What I’ve learned: a child’s natural interest in the world runs deep and many times that curiosity relates to mathematics. But that conversation is so delicate when as adults, 6 groups of 20 has such a quick, neat explanation to it. But it’s an explanation that she doesn’t need now and a method that cuts her off from the creative ways she can formulate answers to other similar questions she may have down the road.

The next evening she asked how many seconds are in an hour. And I’d gladly let her put off bed time to let her do some solid math thinking on how to approach that one.

# Highlights from a Hard Year

There really is no two ways about it: this school year has been hard. Really hard. I taught AP stats for the first time, it was my first year as a 6-12 math specialist, and our district piloted new curriculum. I was challenged as a teacher and to be completely honest, as an overall human being over the last 9 months like I couldn’t have predicted. I pride myself in finding the silver lining, always. This isn’t a skill I was born with; it’s something I practice. And this school year had plenty of silver even though it took some polishing to make it shine. But I believe that I have the ability to create happiness from within so I found 10 great things from this year.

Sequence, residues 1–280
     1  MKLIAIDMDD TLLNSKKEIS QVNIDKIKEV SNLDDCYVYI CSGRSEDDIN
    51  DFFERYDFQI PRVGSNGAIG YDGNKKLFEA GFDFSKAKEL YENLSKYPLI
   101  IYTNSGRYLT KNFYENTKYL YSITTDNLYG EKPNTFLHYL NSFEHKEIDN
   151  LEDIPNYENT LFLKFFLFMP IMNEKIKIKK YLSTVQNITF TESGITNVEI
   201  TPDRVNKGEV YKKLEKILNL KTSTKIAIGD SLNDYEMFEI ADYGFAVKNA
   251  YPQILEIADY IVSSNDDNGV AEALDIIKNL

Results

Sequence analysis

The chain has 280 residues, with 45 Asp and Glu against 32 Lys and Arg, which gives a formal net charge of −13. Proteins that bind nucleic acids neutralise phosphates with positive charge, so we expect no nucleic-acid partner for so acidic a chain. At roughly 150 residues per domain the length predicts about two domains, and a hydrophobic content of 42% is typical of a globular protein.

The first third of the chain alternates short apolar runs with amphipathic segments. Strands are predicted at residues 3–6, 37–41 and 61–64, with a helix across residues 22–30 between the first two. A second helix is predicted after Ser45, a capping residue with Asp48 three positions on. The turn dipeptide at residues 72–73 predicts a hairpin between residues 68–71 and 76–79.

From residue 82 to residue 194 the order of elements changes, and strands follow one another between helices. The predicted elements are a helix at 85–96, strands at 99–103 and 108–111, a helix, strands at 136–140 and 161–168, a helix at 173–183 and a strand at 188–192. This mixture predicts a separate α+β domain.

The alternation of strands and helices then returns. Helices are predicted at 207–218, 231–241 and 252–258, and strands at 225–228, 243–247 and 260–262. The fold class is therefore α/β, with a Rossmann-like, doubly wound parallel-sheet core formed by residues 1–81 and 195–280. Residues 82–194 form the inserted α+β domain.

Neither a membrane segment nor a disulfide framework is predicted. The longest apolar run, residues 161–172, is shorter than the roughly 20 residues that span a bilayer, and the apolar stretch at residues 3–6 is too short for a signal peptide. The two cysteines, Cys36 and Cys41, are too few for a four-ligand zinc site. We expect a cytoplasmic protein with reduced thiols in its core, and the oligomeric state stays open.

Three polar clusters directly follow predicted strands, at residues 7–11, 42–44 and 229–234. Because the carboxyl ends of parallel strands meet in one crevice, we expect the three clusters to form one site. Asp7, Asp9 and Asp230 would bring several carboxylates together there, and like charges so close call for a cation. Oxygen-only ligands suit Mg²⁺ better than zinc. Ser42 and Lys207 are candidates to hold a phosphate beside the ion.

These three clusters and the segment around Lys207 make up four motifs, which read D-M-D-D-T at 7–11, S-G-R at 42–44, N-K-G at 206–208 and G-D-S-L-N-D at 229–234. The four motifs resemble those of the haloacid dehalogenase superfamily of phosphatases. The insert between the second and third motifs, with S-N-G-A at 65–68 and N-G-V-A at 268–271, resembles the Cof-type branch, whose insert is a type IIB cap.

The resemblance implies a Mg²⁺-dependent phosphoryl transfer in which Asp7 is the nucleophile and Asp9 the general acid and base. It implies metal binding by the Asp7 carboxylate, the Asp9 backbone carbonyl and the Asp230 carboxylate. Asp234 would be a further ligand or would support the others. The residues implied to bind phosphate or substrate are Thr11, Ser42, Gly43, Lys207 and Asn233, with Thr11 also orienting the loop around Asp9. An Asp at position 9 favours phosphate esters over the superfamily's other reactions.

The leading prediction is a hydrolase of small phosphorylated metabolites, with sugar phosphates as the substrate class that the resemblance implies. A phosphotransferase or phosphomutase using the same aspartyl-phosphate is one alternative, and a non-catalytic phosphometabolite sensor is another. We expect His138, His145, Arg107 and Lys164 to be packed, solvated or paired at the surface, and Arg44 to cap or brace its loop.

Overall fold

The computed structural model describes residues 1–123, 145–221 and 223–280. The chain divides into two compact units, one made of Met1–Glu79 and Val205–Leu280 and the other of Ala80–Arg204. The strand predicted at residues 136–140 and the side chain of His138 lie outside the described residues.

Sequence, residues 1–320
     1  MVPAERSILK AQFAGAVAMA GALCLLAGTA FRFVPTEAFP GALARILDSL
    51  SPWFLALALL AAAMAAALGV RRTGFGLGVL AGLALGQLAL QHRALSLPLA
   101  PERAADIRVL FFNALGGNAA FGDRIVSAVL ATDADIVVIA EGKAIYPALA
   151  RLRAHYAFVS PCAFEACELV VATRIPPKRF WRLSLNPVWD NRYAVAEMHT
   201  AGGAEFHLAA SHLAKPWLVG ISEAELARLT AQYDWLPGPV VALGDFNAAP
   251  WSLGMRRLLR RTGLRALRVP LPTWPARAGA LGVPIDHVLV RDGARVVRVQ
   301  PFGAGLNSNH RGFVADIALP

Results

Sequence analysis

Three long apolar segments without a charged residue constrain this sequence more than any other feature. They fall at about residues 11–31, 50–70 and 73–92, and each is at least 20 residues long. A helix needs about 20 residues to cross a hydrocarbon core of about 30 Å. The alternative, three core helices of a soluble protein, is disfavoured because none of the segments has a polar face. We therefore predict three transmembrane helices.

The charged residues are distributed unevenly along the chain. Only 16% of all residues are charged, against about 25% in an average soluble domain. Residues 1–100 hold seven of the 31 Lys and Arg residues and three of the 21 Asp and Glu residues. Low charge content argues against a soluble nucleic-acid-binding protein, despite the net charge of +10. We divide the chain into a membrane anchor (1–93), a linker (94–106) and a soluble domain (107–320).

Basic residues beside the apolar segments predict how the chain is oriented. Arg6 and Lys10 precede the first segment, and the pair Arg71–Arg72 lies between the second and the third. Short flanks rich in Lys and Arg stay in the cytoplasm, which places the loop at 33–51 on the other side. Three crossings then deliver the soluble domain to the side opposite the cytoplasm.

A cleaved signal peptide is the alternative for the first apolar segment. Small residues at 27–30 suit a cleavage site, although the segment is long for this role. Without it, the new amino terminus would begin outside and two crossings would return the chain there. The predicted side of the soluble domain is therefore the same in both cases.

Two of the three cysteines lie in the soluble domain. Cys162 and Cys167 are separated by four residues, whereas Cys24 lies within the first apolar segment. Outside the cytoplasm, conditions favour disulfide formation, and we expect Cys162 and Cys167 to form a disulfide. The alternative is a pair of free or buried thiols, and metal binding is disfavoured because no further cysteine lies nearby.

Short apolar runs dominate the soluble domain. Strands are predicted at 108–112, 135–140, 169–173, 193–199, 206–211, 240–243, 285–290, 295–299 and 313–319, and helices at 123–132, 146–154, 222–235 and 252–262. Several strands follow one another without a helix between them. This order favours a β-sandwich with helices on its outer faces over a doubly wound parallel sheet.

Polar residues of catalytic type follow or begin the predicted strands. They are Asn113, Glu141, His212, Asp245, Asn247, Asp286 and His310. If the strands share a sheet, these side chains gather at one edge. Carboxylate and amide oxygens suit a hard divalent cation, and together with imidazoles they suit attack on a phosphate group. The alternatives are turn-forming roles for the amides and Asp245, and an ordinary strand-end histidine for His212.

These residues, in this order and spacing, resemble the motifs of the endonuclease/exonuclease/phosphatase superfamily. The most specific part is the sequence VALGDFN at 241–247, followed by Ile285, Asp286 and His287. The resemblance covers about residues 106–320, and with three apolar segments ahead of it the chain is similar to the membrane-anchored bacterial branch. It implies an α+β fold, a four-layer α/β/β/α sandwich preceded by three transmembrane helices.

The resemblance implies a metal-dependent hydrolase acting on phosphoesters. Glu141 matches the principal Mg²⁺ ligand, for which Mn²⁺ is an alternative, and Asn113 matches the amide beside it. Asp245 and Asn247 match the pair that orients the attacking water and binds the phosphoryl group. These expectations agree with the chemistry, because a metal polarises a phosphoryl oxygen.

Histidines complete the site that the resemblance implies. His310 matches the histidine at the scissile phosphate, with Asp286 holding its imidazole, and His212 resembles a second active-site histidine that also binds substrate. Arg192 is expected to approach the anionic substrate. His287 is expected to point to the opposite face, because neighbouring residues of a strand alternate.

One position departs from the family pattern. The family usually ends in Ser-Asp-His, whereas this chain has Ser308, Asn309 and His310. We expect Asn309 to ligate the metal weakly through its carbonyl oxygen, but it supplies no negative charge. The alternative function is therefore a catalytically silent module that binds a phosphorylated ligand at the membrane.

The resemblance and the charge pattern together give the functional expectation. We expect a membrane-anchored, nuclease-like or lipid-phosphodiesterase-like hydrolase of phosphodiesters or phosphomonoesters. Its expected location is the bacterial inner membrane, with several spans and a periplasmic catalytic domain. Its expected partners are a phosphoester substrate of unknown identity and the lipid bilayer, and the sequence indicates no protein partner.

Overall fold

Here are my top ten highlights from the 2016-2017 school year:

1. As part of our math professional development, I got to share Principles to Actions with 30 math teachers from across the district.

2. We used M & Ms a LOT in AP Stats. And that was delicious for everyone.

3. I shared this amazing book with tons of teachers with young kids at home.